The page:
When faced with forces beyond comprehension which create fear, the difference between the savage and the beast becomes apparent. The beast either adapts itself instinctively or reacts by attacking to protect itself. The savage, on the other hand, when surrounded by wild beast stronger than himself, or when confronted by the forces of nature like rain, wind, thunder and lightning or natural calamities like earthquakes, volcanic eruptions or epidemic diseases, will prostrate himself in all terror on the ground, pleading for protection from unknown powers. But later on early humans used a strong ally to ensure victory over these forces ~ their instinctive cunning. From an early perception of an external power outside, which they thought could be appeased through prayer, just as they themselves could be pleased, primitive people developed ritual and worship and made gifts and placating them with pleasing rituals. Good forces became good 'gods' to be flattered and pleased while unfriendly forces became evil 'devils' to be avoided.

Fear comes to those who are unable to comprehend the basic law of nature. Either as a principle or motive, fear is the beginning of superstitious beliefs. The notion of incurring the displeasure of a Creator is instilled into the minds of the followers of many religions which depend on the concept God for the fulfillment of everything. the foundation of some religious systems and worship is based on the instinctive fear of the unknown. The fear created by religions is the worst form of fear since it imprisons and ensnares the mind. Fear fertilizes the growth of superstition that flourishes in the fog of ignorance.

People yearn for security for themselves and their loved in a world of constant flux which can offer no permanent solution to problems. The moment a person thinks that he or she has solved a particular problem, the conditions surrounding the original circumstances will change and yet another set of problems will then emerge, leaving them confused and lost as ever before. They are anxious, like a child who build sand-castles on the beach and is afraid of every wave that comes in.

In this craving for security and fear of death, humans fall prey to superstition. surrounded by the mystery of the universe, they develop faith in things that they fear. It is ignorance and fear of the unknown that give rise to early religious beliefs, and the workings of universe are explained in terms of infallible supernatural gods who are supposed to control everything that happen. Even though science has done much to dispel such myths and improve the knowledge of modern people, much of the superstitions inherited from the past still continue to remain and we have yet to break free from self imposed bondage to such beliefs. Superstitions weaken and enslave the mind. Superstitious ideas, beliefs and practices are ingrained not only amongst uneducated people but strangely enough the well-educated as well.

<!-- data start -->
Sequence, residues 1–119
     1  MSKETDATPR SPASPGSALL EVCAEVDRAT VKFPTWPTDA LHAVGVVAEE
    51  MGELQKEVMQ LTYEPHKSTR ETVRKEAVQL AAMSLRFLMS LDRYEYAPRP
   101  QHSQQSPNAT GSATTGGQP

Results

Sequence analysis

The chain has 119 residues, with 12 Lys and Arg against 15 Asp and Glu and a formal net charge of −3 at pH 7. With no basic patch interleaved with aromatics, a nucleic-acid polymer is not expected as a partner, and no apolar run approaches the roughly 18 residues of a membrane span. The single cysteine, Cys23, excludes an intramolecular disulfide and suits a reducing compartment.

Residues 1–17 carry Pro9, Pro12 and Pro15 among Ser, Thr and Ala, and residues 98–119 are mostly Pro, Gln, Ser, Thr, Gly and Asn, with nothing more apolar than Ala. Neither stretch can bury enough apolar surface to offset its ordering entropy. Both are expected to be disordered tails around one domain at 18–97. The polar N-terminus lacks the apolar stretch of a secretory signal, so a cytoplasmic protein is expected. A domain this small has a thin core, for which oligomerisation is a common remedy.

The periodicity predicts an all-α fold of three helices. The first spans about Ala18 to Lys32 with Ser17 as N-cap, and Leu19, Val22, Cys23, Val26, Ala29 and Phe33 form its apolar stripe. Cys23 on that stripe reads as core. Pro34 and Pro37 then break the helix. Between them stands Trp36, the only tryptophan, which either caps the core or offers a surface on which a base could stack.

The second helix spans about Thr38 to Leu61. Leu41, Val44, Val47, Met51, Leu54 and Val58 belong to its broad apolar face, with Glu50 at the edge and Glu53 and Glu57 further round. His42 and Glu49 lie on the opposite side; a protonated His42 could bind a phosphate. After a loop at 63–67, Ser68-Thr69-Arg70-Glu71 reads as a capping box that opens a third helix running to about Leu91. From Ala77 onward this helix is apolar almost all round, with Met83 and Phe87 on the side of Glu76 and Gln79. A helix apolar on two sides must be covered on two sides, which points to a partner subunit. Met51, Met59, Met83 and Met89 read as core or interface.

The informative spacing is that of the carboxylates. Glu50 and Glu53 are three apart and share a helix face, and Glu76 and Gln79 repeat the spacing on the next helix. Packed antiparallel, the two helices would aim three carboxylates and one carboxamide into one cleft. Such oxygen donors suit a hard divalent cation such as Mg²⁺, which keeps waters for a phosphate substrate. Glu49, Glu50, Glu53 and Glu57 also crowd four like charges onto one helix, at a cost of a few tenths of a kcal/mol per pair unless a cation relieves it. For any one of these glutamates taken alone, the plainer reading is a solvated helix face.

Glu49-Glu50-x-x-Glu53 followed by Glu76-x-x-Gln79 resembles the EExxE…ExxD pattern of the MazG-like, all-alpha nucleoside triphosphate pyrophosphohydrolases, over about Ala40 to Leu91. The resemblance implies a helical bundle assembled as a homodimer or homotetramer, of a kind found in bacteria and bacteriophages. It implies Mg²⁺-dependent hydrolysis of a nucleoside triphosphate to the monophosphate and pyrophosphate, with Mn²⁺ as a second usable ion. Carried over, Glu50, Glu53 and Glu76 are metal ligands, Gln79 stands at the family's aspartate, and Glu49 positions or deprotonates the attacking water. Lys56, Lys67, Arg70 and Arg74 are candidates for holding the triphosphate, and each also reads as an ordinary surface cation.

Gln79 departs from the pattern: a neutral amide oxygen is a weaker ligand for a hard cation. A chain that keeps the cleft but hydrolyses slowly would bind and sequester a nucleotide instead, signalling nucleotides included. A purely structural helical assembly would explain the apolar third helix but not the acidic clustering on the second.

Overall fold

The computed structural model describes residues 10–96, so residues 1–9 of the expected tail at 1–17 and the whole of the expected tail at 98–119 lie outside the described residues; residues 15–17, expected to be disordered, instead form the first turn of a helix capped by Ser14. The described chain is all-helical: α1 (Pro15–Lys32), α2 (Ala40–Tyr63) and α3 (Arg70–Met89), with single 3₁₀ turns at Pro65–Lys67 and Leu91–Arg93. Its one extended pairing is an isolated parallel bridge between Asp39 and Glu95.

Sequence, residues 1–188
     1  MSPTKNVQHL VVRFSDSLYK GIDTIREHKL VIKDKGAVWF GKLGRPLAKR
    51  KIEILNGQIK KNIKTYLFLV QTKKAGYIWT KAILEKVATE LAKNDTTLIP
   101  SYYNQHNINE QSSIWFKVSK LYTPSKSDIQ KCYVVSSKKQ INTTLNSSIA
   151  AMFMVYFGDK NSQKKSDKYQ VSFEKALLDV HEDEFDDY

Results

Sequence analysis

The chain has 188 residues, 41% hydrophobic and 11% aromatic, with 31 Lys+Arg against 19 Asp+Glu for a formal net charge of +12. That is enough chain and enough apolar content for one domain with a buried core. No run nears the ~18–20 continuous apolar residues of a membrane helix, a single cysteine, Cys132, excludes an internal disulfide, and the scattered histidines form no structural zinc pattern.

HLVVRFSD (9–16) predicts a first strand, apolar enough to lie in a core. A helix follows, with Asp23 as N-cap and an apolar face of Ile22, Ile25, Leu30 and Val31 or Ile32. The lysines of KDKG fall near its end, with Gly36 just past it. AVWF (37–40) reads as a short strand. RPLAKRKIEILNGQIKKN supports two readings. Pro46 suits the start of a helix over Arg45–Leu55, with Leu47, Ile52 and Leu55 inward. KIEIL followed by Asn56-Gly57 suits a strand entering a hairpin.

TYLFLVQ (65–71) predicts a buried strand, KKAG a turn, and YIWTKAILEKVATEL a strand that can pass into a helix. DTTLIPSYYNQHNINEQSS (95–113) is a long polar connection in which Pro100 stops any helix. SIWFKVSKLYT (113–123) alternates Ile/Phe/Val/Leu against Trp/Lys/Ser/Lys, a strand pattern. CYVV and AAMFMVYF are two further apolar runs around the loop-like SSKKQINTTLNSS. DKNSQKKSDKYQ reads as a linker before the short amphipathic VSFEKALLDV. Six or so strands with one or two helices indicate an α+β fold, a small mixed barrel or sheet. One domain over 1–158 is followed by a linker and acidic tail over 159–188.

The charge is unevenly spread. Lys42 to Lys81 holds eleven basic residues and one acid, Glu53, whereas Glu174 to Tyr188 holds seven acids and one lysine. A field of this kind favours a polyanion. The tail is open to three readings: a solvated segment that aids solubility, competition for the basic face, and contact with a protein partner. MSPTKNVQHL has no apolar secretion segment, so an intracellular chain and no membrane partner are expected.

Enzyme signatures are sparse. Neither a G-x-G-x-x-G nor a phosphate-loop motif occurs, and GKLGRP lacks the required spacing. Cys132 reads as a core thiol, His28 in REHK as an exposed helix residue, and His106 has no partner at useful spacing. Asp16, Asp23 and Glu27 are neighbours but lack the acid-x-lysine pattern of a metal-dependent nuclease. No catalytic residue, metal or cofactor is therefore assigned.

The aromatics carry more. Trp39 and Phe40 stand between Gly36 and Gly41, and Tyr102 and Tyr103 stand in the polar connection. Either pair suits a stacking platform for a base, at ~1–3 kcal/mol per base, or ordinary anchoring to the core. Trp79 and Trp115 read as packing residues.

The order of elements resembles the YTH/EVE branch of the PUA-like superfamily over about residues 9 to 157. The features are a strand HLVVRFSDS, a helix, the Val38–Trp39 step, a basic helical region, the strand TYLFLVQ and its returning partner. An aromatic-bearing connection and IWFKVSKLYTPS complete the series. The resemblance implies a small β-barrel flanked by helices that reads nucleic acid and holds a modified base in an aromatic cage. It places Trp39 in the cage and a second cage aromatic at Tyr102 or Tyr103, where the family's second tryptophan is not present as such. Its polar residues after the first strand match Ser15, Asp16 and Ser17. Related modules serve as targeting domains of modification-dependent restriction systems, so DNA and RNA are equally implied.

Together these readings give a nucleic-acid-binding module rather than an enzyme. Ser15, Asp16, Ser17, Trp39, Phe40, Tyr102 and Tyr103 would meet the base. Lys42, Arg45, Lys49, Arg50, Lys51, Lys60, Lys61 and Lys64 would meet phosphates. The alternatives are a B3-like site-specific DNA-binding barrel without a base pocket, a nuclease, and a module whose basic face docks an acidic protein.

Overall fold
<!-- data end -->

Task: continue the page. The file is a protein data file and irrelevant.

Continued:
Sometimes when taken to extremes, fear may arise because of attachment or association with specific objects or situations which are harmless in themselves. Such cases are phobias, like fear of darkness, fear of enclosed spaces, fear of open spaces, fear of heights, fear of animals, fear of devils and ghost, faer of thieves, fear of enemies, fear of charms, illusory fear of being attacked or killed by someone lurking in the background.

Of those who believe in superstition, the Buddha said:"Wherever fear arises, it arises in the fool, and not in the wise person."

By K.Sri Dhammananda

Namu Myo Ho Renge Kyo
Namo Buddhaya
Namo Dharmaya
Namo Sanghaya

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Due to this merits,
May I soon,
Attain the enlightened state of Guru Buddha,
That I may be able to librate all sentient beings from their suffering.

May the precious bodhi mind, Not yet been born in me, will arise and grow.
May the birth have no decline, and will increase forever more.

Namu Myo Ho Renge Kyo
Namo Buddhaya
Namo Dharmaya
Namo Sanghaya